My God! Japanese company makes paper bags to reduce plastic pollution in its animals

Plastic has become one of the most notorious pollutants on the planet, as it continues to harm the oceans, the environment and wildlife. To tackle the problem, a Japanese paper company has developed a deer-friendly paper bag to prevent the animal from consuming plastic, which leads to its premature death.

Necessity is the mother of invention as they say and in the case of Japan, necessity arose after its national treasure, the Nara deer, consumed the deadly plastic. Nara is a small town and ancient Japanese capital south of Kyoto that has been home to the native Sika deer for centuries.

Tourists visiting Nara Park, home to more than 1,200 Nara deer, gave them snacks packaged in plastic wrappers. After feeding the deer, some tourists left the plastic wrappers in the park which were then eaten by the deer who mistook it for food.

As a result, deer have been found with unhealthy amounts of plastic in their stomachs. To solve this problem, Takashi Nakamura, owner of a paper business in Nara, came up with the idea of ​​producing deer-friendly paper bags.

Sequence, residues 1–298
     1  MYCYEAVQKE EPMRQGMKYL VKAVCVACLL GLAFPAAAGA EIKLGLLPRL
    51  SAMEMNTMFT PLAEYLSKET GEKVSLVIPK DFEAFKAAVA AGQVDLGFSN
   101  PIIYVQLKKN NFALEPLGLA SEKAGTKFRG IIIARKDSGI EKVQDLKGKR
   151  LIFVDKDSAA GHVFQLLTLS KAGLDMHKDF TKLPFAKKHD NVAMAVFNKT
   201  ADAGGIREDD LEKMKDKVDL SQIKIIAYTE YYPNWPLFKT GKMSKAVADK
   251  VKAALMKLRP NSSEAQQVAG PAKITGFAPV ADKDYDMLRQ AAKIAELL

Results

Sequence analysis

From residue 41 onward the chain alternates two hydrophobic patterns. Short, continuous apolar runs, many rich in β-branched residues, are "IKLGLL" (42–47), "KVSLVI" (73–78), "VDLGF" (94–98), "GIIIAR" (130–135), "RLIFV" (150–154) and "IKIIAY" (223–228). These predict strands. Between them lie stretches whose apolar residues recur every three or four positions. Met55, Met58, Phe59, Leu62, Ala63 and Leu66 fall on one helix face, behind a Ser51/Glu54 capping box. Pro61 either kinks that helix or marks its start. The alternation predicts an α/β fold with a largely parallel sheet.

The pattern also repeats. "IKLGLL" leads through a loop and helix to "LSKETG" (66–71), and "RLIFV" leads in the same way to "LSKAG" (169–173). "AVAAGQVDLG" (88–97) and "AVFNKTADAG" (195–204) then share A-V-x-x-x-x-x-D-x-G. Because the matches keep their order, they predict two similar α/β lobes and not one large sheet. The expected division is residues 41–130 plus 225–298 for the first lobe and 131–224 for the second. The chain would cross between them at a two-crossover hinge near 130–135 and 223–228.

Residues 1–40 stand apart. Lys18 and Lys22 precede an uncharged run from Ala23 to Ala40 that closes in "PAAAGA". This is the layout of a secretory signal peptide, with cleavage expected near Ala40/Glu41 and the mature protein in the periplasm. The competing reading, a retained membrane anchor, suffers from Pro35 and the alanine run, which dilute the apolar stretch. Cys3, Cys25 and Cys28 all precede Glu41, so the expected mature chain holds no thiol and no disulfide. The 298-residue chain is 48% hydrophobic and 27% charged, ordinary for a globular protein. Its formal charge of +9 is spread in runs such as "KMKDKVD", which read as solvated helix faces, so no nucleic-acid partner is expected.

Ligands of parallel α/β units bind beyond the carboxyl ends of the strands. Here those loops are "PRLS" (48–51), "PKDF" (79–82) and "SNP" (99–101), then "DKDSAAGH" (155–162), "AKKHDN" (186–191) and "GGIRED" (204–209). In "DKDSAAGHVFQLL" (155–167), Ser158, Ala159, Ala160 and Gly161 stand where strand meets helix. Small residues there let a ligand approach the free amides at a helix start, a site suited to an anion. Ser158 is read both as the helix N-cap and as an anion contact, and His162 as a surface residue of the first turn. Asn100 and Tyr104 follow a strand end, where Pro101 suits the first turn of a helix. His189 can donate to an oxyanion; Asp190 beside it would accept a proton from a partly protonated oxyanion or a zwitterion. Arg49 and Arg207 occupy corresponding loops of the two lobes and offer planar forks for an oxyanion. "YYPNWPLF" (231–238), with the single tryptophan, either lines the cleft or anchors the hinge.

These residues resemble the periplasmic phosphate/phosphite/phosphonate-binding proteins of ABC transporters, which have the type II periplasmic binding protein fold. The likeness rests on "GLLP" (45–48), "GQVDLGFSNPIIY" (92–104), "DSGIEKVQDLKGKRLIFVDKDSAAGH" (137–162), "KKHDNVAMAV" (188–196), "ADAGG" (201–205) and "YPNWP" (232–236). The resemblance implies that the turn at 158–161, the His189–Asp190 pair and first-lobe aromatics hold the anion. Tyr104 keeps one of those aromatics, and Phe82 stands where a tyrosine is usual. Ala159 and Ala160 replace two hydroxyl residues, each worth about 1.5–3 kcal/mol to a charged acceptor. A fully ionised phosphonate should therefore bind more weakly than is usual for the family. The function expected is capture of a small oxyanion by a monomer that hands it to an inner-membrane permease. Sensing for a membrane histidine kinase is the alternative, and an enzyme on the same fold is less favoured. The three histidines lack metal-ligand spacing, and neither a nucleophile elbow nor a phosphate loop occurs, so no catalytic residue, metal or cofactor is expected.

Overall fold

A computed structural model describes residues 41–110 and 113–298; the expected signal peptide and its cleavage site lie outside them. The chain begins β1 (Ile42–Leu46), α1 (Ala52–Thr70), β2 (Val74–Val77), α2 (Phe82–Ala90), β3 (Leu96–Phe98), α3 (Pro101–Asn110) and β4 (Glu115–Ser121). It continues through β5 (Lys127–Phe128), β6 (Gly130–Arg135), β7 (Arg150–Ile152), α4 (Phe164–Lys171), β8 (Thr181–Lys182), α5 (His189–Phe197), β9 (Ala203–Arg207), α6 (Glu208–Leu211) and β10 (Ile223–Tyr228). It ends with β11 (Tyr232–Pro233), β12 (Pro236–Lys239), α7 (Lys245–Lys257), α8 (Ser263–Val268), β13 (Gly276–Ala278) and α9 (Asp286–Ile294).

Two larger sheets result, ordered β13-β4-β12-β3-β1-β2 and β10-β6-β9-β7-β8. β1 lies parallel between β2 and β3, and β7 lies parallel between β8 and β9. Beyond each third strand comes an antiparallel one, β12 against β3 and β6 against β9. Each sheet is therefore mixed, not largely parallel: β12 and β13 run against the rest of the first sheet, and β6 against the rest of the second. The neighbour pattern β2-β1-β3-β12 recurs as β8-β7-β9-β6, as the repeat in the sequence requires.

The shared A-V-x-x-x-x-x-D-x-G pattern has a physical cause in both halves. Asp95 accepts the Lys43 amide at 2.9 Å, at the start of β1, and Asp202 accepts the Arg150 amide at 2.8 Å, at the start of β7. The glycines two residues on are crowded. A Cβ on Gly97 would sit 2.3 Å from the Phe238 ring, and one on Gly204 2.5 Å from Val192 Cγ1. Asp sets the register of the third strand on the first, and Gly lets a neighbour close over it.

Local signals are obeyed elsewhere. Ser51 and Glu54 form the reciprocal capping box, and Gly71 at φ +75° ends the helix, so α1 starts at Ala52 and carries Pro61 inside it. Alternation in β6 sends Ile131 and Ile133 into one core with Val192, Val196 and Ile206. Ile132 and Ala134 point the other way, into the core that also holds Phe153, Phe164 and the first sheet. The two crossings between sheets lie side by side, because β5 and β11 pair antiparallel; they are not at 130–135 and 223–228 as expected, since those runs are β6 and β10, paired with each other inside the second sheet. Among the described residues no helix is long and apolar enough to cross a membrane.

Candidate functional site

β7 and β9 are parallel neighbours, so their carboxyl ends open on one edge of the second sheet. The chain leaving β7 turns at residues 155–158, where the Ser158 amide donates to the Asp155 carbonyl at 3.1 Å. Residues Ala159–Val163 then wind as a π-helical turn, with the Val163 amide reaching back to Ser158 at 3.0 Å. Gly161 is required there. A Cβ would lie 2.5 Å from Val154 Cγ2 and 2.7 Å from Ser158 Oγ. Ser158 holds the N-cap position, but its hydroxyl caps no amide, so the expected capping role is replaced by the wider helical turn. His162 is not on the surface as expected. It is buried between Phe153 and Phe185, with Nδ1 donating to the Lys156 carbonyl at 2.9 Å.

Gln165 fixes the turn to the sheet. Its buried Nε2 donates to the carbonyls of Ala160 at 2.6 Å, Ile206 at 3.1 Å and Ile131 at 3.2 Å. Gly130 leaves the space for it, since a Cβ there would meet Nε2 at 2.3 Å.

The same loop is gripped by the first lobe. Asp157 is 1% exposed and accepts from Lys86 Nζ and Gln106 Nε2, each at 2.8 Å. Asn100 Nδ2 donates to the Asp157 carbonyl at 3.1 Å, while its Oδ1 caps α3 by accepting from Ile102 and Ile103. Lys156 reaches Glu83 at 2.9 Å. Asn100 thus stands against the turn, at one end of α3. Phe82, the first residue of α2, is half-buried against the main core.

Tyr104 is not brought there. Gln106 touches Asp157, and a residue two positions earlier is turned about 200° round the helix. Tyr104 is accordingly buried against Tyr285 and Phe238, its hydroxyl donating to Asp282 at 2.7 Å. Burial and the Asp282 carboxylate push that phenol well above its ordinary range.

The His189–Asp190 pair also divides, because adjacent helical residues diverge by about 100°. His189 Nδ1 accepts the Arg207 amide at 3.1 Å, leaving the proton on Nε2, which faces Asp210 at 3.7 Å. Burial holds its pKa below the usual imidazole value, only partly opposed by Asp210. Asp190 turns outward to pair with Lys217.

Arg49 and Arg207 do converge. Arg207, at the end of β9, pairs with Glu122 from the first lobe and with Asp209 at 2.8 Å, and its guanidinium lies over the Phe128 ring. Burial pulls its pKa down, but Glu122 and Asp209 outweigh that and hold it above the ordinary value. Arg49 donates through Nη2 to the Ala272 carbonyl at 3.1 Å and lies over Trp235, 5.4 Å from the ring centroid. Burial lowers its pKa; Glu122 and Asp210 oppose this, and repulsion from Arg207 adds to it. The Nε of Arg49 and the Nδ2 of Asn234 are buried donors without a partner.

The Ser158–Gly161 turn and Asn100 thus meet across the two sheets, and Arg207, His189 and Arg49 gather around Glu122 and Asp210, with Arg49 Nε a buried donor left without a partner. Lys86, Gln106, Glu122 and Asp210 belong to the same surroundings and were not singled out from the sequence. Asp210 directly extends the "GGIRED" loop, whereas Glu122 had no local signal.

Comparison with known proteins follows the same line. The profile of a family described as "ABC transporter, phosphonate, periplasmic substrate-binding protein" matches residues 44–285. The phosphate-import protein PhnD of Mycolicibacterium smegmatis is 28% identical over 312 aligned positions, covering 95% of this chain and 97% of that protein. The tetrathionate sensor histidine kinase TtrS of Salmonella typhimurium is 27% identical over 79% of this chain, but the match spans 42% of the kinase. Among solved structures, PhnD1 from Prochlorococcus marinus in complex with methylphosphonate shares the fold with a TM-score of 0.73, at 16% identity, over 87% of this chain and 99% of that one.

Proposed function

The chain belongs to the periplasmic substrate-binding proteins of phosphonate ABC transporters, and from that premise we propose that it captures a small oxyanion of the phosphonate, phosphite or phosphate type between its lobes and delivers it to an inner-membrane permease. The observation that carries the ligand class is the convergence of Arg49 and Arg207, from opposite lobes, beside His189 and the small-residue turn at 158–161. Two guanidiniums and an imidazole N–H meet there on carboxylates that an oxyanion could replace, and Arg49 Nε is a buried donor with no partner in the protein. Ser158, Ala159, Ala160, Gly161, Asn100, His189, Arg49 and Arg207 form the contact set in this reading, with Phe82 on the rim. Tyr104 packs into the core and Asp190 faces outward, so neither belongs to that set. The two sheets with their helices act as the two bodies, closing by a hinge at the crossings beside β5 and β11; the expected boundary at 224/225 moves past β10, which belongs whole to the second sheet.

According to BBC Japan, Nakamura collaborated with two locals, a cosmetics wholesaler and a designer to work together to create the deer-friendly bag. The bags are made from recycled milk cartons and rice bran. These are the same ingredients that are used in the deer-friendly crackers that tourists receive to feed the animals.

Speaking to BBC Japan, Nakamura said he had sold around 3,500 bags to six local businesses, including the Nara Town Tourism Bureau, a local bank and a pharmacy. The bag has been tested by the Japanese Food Research Laboratories, which have declared it to be safe for consumption. The site adds that each bag costs around 100 yen (Rs 70) while a normal plastic bag usually costs around a few cents.

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Ethel J. Montes

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